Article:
Many employment judges regard the frequently made distinction between procedural and substantive unfairness as artificial and there is judicial authority to support that view.
Now that the ill-fated Employment Act 2002 (Dispute Resolution) Regulations 2004 (which imposed mandatory procedures) have been scrapped, the hoops which an employer needs to get through to avoid a finding of unfair dismissal or facing increased compensation are not as onerous as they were.
Employers can also rely on section 98A(2) of the Employment Rights Act 1996 which provides that:
…failure by an employer to follow a procedure in relation to the dismissal of an employee shall not be regarded for the purposes of section 98(4)(a) [need to act reasonably in all the circumstances] as by itself making the employer’s action unreasonable if he shows that he would have decided to dismiss the employee if he had followed the procedure.
However, what happens if an employer doesn’t raise this point specifically at an employment tribunal hearing. This was the issue for the Court of Appeal in Salford Royal NHS Foundation Trust -v- Roldan (13 May 2010). The appellant, a Filipino nurse, was recruited from Singapore and employed by the Trust from 2003 until she was summarily dismissed for gross misconduct in October 2007. It was alleged that she had ill-treated a patient. An appeal by way of a re-hearing was unsuccessful.
The consequences for her were severe. There was a police investigation and in addition to losing her job, she also lost her work permit and the right to remain in the United Kingdom. She was prosecuted but acquitted.
Employment lawyers often refer to a Polkey dismissal (after the House of Lords case of that name) which concerns what should happen if, where they have not, dismissal would hav been the result had fair procedures been followed. Put as simply as possible, if an employer satisfies an employment tribunal on the balance of probabilities that an employee would have been dismissed even if fair procedures were applied, the dismissal must be held to be fair. If there was a chance of a fair dismissal in such circumstances but less than a 50% chance, the dismissal should be found to be unfair but compensation can be reduced to take account of the possibility of a fair dismissal.
In Ms Roldan’s case the employment tribunal found that the procedure applied was unfair and that the dismissal was unfair. At a remedy hearing, the tribunal refused to apply a Polkey reduction because there was no evidence to suggest that dismissal would have followed if correct procedures were followed. The tribunal also refused to hear an argument on behalf of the employer concerning the application of section 98A(2) (above) because it had not been raised at the main hearing.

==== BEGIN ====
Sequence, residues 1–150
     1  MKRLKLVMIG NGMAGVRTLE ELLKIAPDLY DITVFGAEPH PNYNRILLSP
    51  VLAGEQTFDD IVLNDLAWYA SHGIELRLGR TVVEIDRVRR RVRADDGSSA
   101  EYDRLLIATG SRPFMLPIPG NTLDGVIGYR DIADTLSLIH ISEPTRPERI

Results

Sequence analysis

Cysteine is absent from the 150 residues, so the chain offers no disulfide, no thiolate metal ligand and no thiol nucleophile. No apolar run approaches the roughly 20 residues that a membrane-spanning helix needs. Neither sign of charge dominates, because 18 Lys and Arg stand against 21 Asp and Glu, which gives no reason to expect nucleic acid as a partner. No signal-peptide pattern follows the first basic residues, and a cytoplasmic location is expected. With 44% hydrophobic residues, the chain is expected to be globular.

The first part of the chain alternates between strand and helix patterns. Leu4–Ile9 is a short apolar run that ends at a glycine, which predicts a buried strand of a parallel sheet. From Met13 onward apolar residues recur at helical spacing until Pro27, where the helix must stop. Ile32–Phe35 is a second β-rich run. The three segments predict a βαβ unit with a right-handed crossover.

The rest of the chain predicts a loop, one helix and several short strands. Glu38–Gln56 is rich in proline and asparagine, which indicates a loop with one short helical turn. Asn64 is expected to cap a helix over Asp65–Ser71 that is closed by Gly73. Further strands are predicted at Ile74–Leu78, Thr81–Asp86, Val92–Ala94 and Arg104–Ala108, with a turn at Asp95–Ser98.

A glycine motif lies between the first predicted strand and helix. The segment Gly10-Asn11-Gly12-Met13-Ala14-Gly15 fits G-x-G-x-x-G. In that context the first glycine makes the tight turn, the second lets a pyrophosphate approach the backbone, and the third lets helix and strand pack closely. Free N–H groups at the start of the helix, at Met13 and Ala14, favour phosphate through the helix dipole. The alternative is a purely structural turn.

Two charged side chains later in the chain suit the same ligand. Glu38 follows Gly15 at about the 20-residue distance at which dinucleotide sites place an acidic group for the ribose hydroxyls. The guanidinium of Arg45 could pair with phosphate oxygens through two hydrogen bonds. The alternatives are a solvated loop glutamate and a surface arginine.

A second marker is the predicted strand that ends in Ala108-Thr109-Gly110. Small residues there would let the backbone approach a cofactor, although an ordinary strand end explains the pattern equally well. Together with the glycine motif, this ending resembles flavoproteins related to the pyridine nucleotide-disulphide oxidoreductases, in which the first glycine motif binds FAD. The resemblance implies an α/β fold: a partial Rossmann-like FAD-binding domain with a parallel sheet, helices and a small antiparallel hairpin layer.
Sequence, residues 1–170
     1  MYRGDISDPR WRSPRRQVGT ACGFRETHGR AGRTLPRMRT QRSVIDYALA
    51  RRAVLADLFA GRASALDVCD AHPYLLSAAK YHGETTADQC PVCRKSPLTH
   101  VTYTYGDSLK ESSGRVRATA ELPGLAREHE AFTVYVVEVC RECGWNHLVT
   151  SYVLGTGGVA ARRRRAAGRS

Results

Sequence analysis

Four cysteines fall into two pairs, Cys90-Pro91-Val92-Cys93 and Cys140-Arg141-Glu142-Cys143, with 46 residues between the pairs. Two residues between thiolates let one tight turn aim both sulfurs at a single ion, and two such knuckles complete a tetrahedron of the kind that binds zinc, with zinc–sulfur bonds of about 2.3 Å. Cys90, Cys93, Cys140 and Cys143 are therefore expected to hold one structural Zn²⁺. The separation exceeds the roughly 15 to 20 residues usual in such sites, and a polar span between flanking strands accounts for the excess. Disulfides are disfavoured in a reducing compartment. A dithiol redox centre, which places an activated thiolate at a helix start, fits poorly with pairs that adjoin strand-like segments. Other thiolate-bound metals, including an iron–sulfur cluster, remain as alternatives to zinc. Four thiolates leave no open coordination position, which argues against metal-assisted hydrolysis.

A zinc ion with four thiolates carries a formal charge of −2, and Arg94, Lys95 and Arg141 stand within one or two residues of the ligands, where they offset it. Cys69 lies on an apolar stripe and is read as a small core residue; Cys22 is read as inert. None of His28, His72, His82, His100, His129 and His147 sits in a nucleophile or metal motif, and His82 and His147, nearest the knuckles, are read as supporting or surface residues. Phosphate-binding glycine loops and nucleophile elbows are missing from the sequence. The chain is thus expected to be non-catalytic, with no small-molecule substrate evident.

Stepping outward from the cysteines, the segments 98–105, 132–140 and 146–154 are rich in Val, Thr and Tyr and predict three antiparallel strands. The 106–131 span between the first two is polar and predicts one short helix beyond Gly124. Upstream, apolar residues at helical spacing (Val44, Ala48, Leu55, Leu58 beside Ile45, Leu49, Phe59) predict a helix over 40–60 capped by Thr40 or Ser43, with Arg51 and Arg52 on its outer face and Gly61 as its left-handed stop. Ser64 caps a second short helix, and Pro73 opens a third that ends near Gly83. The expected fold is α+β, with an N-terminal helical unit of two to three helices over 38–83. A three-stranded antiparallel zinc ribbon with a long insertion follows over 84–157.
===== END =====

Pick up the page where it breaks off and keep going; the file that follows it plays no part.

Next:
The Employment Appeal Tribunal disagreed and found that the alleged procedural failings did not in themselves establish unfairness. The EAT also took the view that the tribunal should have considered section 98A(2) and allowed further evidence from the Trust.
The Court of Appeal has disagreed with the EAT and restored the decision of the tribunal. The tribunal was entitled to conclude that the dismissal was unfair. Justification of the tribunal’s decision was reinforced by seriousness of the consequences for Ms Roldan (A -v- B  IRLR 405 (EAT)). Perhaps the most important part of the decision is that the Court of Appeal decided that the tribunal was right not to consider submissions or further evidence concerning the possible application of section 98A(2). This should have been dealt with at the initial hearing and there was no error of law in the tribunal’s refusal to revisit the issue.
The case reinforces the need to make sure that all relevant submissions are dealt with at the tribunal hearing. In all cases in which the employer may be vulnerable from a procedural perspective, section 98A(2) must be raised in the course of the main hearing; otherwise it can be expected that the opportunity to do so will be lost.